This episode wasn’t all about Jaime, but it was certainly mostly about Jaime. It was a dream for yours truly! Jaime bounced from person to person, moving like a pinball across Winterfell. His conversation with Tyrion about Cersei’s deceptive tactics results in some harsh words of wisdom from the youngest Lannister. “She never fooled you. You always knew exactly what she was. You loved her anyway.” The brothers even get a chance to joke around with each other, letting Tyrion reference one of the show’s most famous lines: “I always imagined myself dying in my bed, at the age of 80, with a girl’s mouth around my cock.” It’s adorable! Incredibly juvenile, slightly fan-baiting, and borderline gross, but adorable all the same because the boys are back together.
Jaime then finally makes his way over to Brienne (a quintessential moment for all of you Braime shippers), and, in a moment of trying to be a gentleman, he gets yelled at by the woman he loves! “We’ve never had a conversation this long without you insulting me!” she snaps.
Insulting conversations are the cornerstone of any good television show: Veep, Real Housewives of Beverly Hills, Paw Patrol, and now, the Daenerys and Sansa Show. The two women have their own heart-to-heart this episode. Dany confides in Sansa that she wishes Tyrion hadn’t trusted Cersei. “You never should have either,” Sansa knowingly replies. Hmm, turns out insulting Tyrion is not the way into Sansa’s heart. Dany decides to try a different route by addressing the elephant in the room: Dany loves Jon and she wants to know why Sansa has an issue with their love. Sansa doesn’t even know that Jon and Dany are related yet!
“Men do stupid things for women,” Sansa explains. “They’re easily manipulated.”
For those keeping score at home, that’s 2-0 for Sansa. It’s only when Dany makes a joke about Jon’s height that the two women kind of hit it off. Things are going so well! Jon can finally rest easy knowing that his sister and his aunt-turned-girlfriend-turned-queen are becoming best friends. That is, until Sansa asks what Dany’s plans for the North are after she claims the Iron Throne. Ah, well. Not all friendships can last. Even those that just started.
But some friendships do last! Tonight’s episode brought us a beautiful reunion between Sansa and Theon Greyjoy (or, as I keep referring to him, “Lily Allen’s little brother who was once a music video star”). Theon tells Daenerys that both he and his sister Yara have pledged their allegiance to Winterfell, the North, and Dany’s army-at-large.Across the courtyard, more reunions with more friends! Jon and Sam are reunited with Tormund, Edd, and Beric. They waste no time hugging one another, and staring lovingly into each other’s eyes — though Tormund looks around for Brienne, asking, “The big woman still here?”
I love this part of Game of Thrones. It’s pure fan service. It’s the last reunion before the big battle, a chance for longtime fans to see all of their favorites (who are still alive) reunite before they head into battle and die. It’s Tony Stark hugging Bruce Banner or Thor complimenting Steve Rogers in Avengers: Infinity War before Thanos snaps his fingers and kills almost all the superheroes we’ve come to love. That’s this Game of Thrones episode.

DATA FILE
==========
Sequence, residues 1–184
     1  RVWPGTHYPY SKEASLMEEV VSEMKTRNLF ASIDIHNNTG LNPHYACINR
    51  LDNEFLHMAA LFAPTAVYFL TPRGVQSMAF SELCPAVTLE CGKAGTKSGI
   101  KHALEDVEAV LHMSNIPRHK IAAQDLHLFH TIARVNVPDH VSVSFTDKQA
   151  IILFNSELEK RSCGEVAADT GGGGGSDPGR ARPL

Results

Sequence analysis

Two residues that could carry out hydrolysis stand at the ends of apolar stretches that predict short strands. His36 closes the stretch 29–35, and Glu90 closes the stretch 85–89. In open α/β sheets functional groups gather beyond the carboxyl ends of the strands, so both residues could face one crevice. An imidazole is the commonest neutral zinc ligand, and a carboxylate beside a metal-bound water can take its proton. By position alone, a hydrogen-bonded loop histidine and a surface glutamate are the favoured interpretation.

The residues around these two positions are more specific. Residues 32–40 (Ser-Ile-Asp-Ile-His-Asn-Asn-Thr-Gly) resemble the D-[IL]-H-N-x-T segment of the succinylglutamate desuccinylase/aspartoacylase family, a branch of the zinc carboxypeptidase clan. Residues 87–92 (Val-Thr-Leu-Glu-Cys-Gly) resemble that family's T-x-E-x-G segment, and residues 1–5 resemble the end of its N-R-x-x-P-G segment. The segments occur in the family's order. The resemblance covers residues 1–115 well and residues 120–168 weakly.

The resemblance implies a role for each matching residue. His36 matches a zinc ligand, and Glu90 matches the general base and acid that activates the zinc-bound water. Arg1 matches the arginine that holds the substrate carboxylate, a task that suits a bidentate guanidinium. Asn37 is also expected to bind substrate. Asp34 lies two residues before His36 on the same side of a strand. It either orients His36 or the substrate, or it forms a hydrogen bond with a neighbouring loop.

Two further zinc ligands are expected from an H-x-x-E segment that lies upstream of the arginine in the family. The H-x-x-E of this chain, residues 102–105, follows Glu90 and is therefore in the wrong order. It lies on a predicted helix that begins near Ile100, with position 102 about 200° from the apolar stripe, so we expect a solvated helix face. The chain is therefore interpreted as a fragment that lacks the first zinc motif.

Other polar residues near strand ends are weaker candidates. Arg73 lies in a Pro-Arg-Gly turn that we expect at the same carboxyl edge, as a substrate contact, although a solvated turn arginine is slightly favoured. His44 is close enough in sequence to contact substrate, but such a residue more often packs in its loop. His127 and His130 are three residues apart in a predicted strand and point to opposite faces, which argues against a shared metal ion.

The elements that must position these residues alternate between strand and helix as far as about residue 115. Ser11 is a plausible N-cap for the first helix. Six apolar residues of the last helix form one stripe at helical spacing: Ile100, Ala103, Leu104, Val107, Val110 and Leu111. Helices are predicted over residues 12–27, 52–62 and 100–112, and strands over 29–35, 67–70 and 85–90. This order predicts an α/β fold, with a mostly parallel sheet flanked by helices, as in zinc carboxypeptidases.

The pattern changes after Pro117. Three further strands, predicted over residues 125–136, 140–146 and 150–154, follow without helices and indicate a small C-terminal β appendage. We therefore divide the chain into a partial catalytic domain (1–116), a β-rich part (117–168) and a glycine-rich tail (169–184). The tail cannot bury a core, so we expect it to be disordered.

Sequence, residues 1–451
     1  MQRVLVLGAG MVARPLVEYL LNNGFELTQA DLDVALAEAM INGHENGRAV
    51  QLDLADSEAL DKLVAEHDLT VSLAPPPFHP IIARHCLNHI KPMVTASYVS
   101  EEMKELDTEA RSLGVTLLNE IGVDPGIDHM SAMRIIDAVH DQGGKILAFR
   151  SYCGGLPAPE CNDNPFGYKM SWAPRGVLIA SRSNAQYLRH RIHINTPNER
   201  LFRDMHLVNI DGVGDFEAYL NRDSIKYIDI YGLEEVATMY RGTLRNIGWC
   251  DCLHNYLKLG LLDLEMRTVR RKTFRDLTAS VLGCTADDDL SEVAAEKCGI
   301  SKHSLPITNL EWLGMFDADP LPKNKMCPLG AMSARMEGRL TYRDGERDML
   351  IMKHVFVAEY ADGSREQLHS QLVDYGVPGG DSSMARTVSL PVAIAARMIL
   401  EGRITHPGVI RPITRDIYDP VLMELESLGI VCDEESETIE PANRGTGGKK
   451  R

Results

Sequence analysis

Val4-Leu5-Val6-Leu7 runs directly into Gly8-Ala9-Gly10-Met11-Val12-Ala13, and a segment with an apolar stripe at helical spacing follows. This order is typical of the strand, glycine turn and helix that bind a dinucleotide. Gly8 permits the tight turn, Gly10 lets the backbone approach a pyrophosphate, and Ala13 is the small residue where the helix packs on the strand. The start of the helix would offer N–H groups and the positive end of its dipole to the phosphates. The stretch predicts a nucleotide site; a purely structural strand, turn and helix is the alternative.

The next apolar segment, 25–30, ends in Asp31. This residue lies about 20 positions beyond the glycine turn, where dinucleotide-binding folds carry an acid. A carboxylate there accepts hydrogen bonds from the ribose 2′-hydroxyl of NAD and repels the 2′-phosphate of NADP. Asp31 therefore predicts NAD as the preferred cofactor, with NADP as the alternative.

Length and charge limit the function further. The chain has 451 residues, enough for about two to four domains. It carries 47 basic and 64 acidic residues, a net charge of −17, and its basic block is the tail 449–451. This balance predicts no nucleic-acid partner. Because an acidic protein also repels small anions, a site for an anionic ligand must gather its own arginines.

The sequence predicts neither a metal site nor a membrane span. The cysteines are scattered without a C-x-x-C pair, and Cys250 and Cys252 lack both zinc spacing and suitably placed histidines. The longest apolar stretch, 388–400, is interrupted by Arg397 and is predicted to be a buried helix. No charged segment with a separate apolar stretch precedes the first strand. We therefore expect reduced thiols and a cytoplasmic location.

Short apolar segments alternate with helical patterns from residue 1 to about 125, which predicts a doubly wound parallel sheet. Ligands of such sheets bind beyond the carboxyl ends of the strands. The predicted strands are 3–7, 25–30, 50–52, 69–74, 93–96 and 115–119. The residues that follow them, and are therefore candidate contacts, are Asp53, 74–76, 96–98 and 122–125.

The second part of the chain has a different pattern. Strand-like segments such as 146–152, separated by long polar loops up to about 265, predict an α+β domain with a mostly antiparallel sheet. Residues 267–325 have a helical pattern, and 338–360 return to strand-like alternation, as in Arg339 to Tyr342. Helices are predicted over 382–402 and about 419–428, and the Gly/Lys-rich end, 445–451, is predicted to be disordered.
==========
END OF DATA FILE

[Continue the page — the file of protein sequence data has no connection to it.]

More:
Unfortunately, like in Infinity War, there is a giant battle that Winterfell must prepare to fight. In a scene ripped straight out of The Fellowship of the Ring, everyone who matters is gathered around a giant table map. They’re solemn, which is to be expected when you’re preparing for your own death. At this meeting, Theon pledges to guard Bran to make up for his past mistakes — “I took this castle from you. Let me defend you now.” — and Daenerys tells Tyrion that he can’t fight at all. “Ser Davos is perfectly capable of waving a torch on his own.” Someone has finally moved Bran inside (again, am I the only one worried about this boy’s health?), and he’s sitting in the corner, serving up premonition after premonition. It’s great fun watching Jon look at his younger brother as he tries to wrap his brain around how strange Bran has become.
Just because death is around the corner doesn’t mean it’s all gloom and doom! Tormund says, “We’re all going to die, but at least we die together.” , and Edd jokes that if Samwell Tarly is their best bet for survival, “We really are fucked.” It’s important to find the lighthearted moments in the hours before death. Have a cup of tea, play a game of Chutes and Ladders, or, if you’re like our collective partiers, drink until you can’t remember your name or the fact that a horde of seemingly unstoppable zombies is just a couple of horse-trots away from seizing the castle.
It’s a good thing Jorah has this sword because the episode ends with the White Walkers arriving at Winterfell. This is it, lads. The big one. The five Ws: Westeros’ White Walker World War. I’m sure showrunners David Benioff and D.B. Weiss will work extra hard to make up for this spectacular hour without any on-screen deaths. Prepare to lose some of your characters next week! And get amped up to see some of our favorites kick White Walker ass. War has finally arrived.